Fresh-grown vegetables can be healthier than store-bought since nutrients in the plant have less time to break down. Also, gardeners have complete control over how the vegetables are grown, including the kinds of nutrients that go into the vegetables and chemicals averted. To maximize the vegetable yield and nutritional value of vegetables, prepare the soil properly so the plant stays healthy and full of valuable nutrients.
Use soil that is a mixture of clay, sand and humus. Too much clay will slow down water drainage, while too much sand will cause water to wash away plant nutrients. Nevertheless, some plants do better in soil that contains more clay, while some plants do better with more sand.
Till the soil using a garden spade. Do not work soil that is wet, as the soil will become compacted, causing the soil to become water logged.
Add animal manure, green manure or compost to the soil. About 5 percent of soil should be organic matter, which draws beneficial organisms and increases the amount of water the soil (and therefore the plant) can hold.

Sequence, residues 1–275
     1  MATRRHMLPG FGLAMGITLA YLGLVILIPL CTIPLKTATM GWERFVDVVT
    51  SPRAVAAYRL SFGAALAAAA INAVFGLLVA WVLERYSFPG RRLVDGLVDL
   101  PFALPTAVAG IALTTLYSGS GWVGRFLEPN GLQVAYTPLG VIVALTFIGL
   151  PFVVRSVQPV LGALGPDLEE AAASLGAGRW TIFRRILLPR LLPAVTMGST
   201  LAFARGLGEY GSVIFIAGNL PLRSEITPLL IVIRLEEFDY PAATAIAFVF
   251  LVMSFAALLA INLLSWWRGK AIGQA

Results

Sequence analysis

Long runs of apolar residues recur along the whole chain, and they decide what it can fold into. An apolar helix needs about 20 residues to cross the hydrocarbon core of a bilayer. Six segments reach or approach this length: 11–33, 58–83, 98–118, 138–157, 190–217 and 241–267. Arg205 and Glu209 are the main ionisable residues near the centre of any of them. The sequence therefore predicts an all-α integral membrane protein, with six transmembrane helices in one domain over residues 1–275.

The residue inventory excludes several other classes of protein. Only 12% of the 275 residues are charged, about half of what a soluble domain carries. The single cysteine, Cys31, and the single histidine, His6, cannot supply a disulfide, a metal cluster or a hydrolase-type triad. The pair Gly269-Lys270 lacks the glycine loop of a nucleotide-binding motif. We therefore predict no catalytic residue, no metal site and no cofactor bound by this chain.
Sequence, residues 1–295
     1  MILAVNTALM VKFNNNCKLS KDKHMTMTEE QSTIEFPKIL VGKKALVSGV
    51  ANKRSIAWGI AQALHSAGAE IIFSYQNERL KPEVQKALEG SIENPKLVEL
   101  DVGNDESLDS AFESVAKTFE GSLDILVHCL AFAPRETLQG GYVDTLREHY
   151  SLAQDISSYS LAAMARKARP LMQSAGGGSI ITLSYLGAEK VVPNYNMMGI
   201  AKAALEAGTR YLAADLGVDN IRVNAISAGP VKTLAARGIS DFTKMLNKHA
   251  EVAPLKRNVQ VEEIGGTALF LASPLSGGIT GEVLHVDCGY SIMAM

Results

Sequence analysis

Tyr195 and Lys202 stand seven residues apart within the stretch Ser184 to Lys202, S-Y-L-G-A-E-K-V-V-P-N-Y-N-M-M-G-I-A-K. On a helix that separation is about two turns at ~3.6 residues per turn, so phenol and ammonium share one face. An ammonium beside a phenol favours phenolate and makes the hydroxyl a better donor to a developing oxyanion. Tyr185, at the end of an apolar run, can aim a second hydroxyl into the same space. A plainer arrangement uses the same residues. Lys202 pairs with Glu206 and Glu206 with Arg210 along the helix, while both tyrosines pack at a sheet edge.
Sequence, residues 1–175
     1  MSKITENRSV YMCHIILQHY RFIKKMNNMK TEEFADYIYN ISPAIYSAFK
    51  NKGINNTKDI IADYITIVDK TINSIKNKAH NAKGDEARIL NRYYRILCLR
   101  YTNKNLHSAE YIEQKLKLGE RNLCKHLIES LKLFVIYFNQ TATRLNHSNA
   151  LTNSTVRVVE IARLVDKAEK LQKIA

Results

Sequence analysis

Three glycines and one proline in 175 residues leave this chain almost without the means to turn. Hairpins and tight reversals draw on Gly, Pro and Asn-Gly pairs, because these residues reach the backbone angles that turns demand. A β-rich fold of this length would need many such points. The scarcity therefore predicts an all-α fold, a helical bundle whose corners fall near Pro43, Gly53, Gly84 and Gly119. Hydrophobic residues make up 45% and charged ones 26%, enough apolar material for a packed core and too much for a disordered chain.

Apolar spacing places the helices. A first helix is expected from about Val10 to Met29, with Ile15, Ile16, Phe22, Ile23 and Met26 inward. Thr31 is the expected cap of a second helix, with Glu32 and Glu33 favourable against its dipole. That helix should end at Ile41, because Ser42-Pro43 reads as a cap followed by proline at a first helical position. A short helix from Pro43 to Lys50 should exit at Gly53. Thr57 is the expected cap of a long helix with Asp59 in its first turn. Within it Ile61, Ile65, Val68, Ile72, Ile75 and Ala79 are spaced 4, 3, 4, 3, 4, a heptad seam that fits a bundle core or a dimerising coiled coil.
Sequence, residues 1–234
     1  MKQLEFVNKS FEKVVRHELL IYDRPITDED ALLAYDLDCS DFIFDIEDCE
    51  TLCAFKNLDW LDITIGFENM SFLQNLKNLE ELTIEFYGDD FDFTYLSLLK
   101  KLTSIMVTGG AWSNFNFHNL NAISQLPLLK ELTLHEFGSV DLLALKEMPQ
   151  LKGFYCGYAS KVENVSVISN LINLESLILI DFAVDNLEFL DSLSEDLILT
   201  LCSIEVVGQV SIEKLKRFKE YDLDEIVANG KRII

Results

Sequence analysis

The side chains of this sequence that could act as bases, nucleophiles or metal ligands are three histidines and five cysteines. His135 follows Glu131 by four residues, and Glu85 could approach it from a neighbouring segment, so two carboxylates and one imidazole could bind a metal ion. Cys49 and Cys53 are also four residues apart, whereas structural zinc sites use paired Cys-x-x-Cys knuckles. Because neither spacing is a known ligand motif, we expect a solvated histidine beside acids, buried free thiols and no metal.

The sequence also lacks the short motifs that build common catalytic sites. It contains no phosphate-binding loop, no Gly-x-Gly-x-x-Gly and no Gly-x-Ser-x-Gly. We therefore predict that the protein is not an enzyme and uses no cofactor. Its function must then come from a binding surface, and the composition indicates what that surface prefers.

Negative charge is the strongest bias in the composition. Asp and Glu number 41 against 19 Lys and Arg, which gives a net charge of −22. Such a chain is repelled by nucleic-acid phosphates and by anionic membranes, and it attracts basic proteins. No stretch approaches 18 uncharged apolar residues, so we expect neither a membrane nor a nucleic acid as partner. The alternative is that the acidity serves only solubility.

Use a pH strip to test soil acidity. Most vegetables thrive in soil with a pH of 6.0 to 7.0, which makes it easier for the roots to absorb nutrients. If the soil pH is above 7, use lime to reduce alkalinity. If the pH is below 6, use elemental sulfur to reduce acidity.
Add fertilizer with potassium, phosphorus and nitrogen a few weeks before planting. Choose liquid or granule fertilizers and chemical or organic fertilizers. Organic fertilizers can include decaying matter such as grass clippings and leaves. Adding micronutrients such as calcium and magnesium can help plants grow, though the soil sometimes has adequate amounts of these nutrients. Fertilizer is especially important with vegetable gardens, since they will determine how nutritious the vegetables become.